FNB Stadium hawkers

11 May 2007

2010 World Cup displaces breadwinners By Cheche Selepe, The Developer

Thabo Mbeki and overseas people will come to watch the soccer world cup and they will never buy food from you, and therefore you must go.` This is the message that the stadium hawkers were told by Grinaker LTA, a construction company charged with the redevelopment of FNB`s soccer city stadium situated between Soweto and Johannesburg.

The livelihood of the hawkers and their families is under a serious threat from the construction company. Accordingly, most of the hawkers have been selling at the stadium during soccer matches for many years. The situation changed in January this year when the soccer matches came to end as the stadium came under reconstruction.

Since the hawkers had no where to go, they decided to sell food to the very workers doing the construction at the stadium. Surely this became a boom for the hawkers. Instead of trading only on weekends during the soccer matches, they traded every working day, selling food to the construction workers. As business was going on, the management of the construction company decided to frustrate the hawkers. They started telling hawkers that the food they sell might be unhygienic and therefore they must go. The management decided to restrict the flow of workers in and out of the work-place. All other gates of the stadium were closed, opening only one gate the main gate. Having only 30 minutes lunch time between 12H00 and 12H30, it became increasingly difficult for the workers to enter and exit the workplace for lunch without compromising the bosses` time.

Coupled with time restrictions, the construction company tells the hawkers that four BEE companies have been enlisted and shall sell food at the stadium within months. On hearing this sad state of affair, the leaders of the SA Rail Hawkers Association (Sarha) took the matter up with the union organising construction workers, the National Union of Mineworkers (Num). At a meeting with a NUM shopsteward (below left) the hawkers (below right) were are assured that solidarity with NUM is guaranteed. He indicated that just as the construction companies are having subcontractors assisting them, it could be advisable that even the enlisted BEE caterers subcontract the work to hawkers as well. Amandla!!!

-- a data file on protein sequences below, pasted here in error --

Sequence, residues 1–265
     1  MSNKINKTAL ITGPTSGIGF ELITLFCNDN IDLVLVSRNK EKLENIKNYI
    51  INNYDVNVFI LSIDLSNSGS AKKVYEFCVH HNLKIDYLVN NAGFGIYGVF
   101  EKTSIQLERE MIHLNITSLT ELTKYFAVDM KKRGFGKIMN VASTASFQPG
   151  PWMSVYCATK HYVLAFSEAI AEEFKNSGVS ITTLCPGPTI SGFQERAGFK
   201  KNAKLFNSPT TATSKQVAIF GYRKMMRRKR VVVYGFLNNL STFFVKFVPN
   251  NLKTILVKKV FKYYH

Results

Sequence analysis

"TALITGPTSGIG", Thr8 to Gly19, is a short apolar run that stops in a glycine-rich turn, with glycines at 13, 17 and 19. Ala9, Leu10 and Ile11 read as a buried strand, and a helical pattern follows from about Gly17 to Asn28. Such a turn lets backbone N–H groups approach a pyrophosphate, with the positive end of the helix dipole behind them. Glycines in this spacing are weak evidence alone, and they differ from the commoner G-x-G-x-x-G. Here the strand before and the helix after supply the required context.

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StreetNet NewsBox


INDIA. DP is irreparable, scrap it, say activists. Times of India (10 April 2015).

TANZANIA. College plans to identify trade opportunities for hawkers. Daily News (10 April 2015)  by Ludovick Kazoka.

INDIA. No street vendors, cycle rickshaws in Lajpat Nagar market: NGT. Zee News (8 April 2015) by PTI. New Delhi:

BOTSWANA. EDD is the way to go. Mmegi Online (8 April 2015).

USA. Five Courses: Hawkers' street food flair & more. Creative Loafing Tampa Bay (8 April 2015) by Meaghan Habuda.

INDIA. Hawkers may be allowed near Rishi Kapoor, Anil Ambani's Pali Hill residences. DNA India (8 April 2015) by Amrita Nayak Dutta.

ABU-DHABI. Abu Dhabi Municipality raid scares away street hawkers. Gulf News (7 April 2015).

SINGAPORE. Hawker centres to be spruced up with murals and art installations. Channel News Asia (5 April 2015) by Vimita Mohandas.

MALAYSIA. 'Development will be inclusive'. The Star Online (3 April 2015).

INDIA. 'Street vendors denied right to livelihood'. The Hindu (1 April 2015) by K.N. Umesh.

SOUTH AFRICA. South Africa: Xenophobic Violence in KZN - 'This Is a Black Easter for Foreigners'.

SINGAPORE. Singapore street food: stewed, sliced and steamed - video.

USA. Street vendors press city to legalize their trade.

StreetNet International

StreetNet International is an alliance of street vendors. It was launched in Durban, South Africa, in November 2002.

Membership-based organizations (unions, co-operatives or associations) directly organizing street vendors, market vendors and/or hawkers among their members, are entitled to affiliate to StreetNet International.

The aim of StreetNet is to promote the exchange of information and ideas on critical issues facing street vendors, market vendors and hawkers (i.e. mobile vendors) and on practical organizing and advocacy strategies